Florida's gulf beaches draw tourists from all over the world and nothing drives them away faster than red tide. Now it seems the tide is changing when it comes to red light cameras for some politicians who see both in the same light.
"The feedback I've gotten from many people, our hoteliers and people in the tourism industry, it's a negative. I don't think anybody is coming to Collier County because they have red light cameras and feel extra safe, that's just not it," said County Commissioner Tim Nance.
Nance thinks it might just be a reason tourists visiting the Naples area won't want to come back and he's not willing to take that chance.
"I'm very anxious to get rid of this onerous program," he remarked just before the Collier County Commission voted on the fate of the program.
County Commissioner Donna Fiala supported the camera program. "The sheriff sent us a letter and said he felt it was important for us to continue it."
But the majority of commissioners didn't see it that way. The motion passed and the cameras are coming down, making Collier County the first in the state to get rid of them.
Los Angeles is the largest jurisdiction in the nation to discontinue the program.
Commissioner Georgia Hiller, who introduced the motion, did not believe the red light cameras made the roads any safer and was happy to see the program come to an end.
"We direct that all red light cameras be removed from all intersections."
Later this month, American Traffic Solutions will turn off and remove all red light cameras in Collier County. When Collier County canceled the red light program, it paid $522,000 which represents the net amount owed to ATS.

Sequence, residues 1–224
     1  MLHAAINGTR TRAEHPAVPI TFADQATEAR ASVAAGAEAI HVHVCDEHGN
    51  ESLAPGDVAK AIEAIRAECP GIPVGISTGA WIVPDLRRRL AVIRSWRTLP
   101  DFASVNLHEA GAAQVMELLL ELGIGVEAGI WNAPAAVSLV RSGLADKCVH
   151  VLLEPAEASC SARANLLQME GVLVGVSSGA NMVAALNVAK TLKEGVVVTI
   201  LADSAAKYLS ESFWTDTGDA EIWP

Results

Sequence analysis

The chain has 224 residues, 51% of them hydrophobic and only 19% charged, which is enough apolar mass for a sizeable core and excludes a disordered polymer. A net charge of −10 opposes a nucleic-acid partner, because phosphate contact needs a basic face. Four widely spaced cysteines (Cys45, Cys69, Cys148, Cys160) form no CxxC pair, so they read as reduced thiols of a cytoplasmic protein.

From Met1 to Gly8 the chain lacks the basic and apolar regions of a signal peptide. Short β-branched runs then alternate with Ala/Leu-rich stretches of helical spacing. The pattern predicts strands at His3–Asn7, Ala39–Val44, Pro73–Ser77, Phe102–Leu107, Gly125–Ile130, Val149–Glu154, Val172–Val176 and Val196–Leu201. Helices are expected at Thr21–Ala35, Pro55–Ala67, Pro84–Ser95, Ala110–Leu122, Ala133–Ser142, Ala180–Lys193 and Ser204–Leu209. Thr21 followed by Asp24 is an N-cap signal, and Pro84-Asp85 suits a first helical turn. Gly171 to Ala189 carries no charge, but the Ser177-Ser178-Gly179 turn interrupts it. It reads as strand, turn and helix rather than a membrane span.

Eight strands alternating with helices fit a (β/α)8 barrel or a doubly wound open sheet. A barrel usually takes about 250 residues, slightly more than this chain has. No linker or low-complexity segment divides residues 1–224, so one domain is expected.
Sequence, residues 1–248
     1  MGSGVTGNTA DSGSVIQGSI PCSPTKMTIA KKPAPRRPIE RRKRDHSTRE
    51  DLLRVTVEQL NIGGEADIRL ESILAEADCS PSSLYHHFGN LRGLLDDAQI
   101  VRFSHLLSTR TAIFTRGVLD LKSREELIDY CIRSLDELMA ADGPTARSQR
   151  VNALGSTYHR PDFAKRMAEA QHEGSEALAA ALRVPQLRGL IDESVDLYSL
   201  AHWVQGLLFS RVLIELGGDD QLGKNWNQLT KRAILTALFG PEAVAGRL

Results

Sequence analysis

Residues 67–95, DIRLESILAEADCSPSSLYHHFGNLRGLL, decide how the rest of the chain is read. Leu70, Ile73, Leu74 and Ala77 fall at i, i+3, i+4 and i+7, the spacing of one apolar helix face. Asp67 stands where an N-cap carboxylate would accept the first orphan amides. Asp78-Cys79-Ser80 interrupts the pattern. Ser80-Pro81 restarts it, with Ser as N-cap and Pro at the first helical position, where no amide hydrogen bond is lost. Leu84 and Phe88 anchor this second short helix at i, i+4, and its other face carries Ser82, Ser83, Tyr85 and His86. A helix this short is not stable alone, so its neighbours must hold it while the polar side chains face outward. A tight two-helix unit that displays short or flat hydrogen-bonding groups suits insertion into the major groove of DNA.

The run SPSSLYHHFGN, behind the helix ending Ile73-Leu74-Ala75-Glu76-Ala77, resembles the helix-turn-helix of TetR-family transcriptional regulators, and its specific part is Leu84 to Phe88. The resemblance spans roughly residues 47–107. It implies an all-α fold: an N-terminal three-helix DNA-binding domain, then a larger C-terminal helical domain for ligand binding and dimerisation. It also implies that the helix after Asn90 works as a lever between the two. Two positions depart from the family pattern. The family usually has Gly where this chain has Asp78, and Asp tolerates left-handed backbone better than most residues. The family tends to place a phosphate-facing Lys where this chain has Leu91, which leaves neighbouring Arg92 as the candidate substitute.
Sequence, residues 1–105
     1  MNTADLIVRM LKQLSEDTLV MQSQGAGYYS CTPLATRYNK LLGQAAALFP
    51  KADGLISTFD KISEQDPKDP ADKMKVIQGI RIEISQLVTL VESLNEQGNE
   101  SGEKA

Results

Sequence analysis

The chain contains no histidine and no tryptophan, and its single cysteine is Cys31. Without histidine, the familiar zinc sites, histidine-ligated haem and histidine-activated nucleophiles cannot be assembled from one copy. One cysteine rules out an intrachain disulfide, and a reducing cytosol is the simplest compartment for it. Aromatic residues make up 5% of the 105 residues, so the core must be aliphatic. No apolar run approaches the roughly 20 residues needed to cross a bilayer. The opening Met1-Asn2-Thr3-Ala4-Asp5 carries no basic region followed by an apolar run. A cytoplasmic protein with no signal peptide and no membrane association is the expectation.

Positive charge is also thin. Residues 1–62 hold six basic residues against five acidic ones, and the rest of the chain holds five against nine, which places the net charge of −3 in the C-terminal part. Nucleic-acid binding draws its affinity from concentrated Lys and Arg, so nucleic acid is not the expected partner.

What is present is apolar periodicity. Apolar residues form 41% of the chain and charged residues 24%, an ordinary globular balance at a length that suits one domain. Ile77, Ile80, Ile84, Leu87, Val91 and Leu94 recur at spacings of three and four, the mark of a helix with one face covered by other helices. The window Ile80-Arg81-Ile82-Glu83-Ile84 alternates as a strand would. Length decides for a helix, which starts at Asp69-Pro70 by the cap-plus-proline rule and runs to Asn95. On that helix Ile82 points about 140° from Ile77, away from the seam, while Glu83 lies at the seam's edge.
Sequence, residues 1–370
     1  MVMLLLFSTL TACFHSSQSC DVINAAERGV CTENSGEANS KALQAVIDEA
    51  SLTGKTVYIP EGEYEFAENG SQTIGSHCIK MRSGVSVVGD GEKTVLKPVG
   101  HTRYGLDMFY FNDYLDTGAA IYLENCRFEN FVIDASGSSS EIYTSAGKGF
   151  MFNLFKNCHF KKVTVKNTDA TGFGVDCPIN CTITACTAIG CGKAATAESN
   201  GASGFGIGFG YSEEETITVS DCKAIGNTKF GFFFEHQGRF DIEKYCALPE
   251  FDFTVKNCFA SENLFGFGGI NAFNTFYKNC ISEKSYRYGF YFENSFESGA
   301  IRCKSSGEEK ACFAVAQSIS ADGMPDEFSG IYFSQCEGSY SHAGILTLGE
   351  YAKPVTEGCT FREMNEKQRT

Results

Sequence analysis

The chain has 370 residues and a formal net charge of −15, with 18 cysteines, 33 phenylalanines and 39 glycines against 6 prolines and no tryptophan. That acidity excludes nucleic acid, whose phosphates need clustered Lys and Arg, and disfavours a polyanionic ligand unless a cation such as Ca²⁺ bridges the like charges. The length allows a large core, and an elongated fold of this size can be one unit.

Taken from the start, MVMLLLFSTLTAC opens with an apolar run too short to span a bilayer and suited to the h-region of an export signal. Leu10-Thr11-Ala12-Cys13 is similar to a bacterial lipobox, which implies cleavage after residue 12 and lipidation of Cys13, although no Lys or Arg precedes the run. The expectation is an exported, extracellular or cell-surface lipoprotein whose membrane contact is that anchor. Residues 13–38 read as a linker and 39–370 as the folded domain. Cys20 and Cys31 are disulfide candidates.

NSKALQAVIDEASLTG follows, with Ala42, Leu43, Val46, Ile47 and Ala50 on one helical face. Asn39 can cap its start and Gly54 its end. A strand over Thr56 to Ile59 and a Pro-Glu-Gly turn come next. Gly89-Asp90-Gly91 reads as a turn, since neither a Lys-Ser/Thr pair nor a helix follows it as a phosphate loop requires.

FOX 13 contacted the company and a representative sent us a statement, which said, in part, "We are disappointed about Collier County's decision…hopefully, once the board has taken some time to become more familiar with the data the state and the sheriff's office has analyzed, they will reconsider so that all of the progress Collier has made in road safety won't fall by the wayside."
A new report by the Florida Department of Highway Safety and Motor Vehicles says crashes at intersections with red light cameras are down.
"I think there is so much conflicting information out there, frankly I don't trust any of it," said Nance.
Commissioner Hiller is equally skeptical. They are both bothered that the state makes money on every red light camera citation.
"Look at who has a vested interest and a profit motive in this titanic money flow," said Nance. "It's not a wholesome thing in my estimation so we thought it was time to terminate the experiment."
Commissioners directed staff working in the Traffic Management Center to focus on alternative solutions to make the roads safer, including re-timing lights to make sure drivers encounter fewer red lights, checking the duration of all yellow lights, and perhaps increasing the clearance phase, when the lights are all red and no vehicles are moving.
Full Statement from American Traffic Solutions:
"We are disappointed about Collier County's decision. Our sense is that with the changes since the election, some board members simply voted before they realized 1) the dramatic correlation between the cameras and the prevention of accidents and injuries; and 2) the importance of this tool to the Sheriffs' Office in deterring dangerous driving. Hopefully, once the Board has taken some time to become more familiar with the data the State and the Sheriff's Office has analyzed, they will reconsider so that all of the progress Collier has made in road safety won't fall by the wayside.
"To that point, across the state, intersections with red-light safety cameras decidedly showed a decrease in crashes. In Collier County specifically, the Sheriff's office reported a 57% drop in accidents at its intersections with red-light cameras. In fact, since April 2009, accidents have dropped from 103 in 2008 to 44 in 2012."